It seems like every time I venture out into cyberspace, someone is winning an award for something. Not that this is a bad thing. There are so many excellent books being published each year, that even with the plethora of available awards, they are still only scratching the surface of all those deserving of recognition.

On a personal level, I find myself not thinking about awards all that much. Yes, it’s very nice when you win one… but not winning one does not make your book any less worth reading. And often it is a matter of personal opinion. Literature, like any art form, is very subjective. What one person adores as brilliant, another may despise as worthless. I often look at awards lists and think to myself that, if it were up to me, I would have made some very different choices.

On a professional level, I am interested in awards, as they can help to promote a book. My publisher (Ford Street Publishing) was very happy when my teen novel, Gamers’ Quest, won a Chronos Award earlier this year. It meant that I could have an award sticker on the book cover, as they tend to attract attention… even if the average teenager has no idea what a Chronos Award is.

Being a children’s author, I tend to keep an eye on the awards specifically targeting books for kids and teens, such as the YABBA awards, the Inkys and the CBCA awards. But I’m also a writer of, and major fan of, science fiction. So I am rather interested in seeing the outcome of two upcoming sets of awards — the Ditmars and the Hugos.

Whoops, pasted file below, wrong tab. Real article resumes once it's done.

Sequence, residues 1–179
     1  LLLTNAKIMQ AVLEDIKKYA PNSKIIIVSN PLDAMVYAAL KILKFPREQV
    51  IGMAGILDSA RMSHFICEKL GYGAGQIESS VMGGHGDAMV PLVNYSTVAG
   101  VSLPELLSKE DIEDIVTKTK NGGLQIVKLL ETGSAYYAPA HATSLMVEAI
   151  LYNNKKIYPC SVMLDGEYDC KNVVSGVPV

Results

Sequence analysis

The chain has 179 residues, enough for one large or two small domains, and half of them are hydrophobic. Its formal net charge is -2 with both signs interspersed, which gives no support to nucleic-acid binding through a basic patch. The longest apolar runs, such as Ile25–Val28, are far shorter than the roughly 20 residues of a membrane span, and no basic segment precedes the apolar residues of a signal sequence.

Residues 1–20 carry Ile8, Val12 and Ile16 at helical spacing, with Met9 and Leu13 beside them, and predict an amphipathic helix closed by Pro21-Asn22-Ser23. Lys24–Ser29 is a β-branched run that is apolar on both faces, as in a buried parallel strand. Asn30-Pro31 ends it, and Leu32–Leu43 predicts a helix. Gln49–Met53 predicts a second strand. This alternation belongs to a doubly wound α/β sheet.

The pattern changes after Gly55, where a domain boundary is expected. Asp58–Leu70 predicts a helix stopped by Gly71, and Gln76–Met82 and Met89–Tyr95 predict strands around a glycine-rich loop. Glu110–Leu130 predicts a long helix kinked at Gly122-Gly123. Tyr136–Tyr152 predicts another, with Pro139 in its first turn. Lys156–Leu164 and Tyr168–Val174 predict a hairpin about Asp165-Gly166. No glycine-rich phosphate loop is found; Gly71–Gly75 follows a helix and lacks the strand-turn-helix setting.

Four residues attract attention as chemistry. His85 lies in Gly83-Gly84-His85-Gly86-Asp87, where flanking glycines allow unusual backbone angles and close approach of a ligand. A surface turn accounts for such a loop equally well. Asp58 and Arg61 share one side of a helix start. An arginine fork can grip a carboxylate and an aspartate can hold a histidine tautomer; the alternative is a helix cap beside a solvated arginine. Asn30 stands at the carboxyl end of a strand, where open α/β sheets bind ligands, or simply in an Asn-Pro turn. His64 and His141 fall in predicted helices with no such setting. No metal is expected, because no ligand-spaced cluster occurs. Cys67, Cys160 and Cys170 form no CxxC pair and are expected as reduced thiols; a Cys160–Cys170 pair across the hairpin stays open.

The Hugos are awards for excellence in the field of science fiction and fantasy, presented annually at the World Science Fiction Convention, and voted on by the members of that convention. This year’s convention, just in case you haven’t already heard, is being held in Melbourne. It’s the 68th World Science Fiction Convention and it is only the 4th time it has made it to our shores. More info about this year’s convention, called Aussiecon 4, is available from their website. And here’s the list of this year’s Hugo Award nominees. A VERY impressive list of talent!

The Ditmars are the Australian SF Awards, created to recognise excellence in Science Fiction, Fantasy and Horror by Australians. Each year they are presented at the National Science Fiction Convention. There’s an amazing array of local talent on this year’s ballot… go on, take a look. I’d be surprised if you didn’t recognise at least some of the names that appear on it. This year, I’m rather excited by this set of awards because H Gibbens, computer animator extraordinaire, is on the ballot for the book trailer he created for Gamers’ Quest. He did an amazing job with the trailer, so I am extremely pleased to see him getting some recognition for it. I’ve posted the trailer on this blog before, but what the hell… here it is again.

So what do people think of awards? Do they make a difference to your reading choices? Do you seek out award winning books?

And tune in next time when I’ll be writing about talking about writing.

Catch ya later,  George

PS. Follow me on Twitter!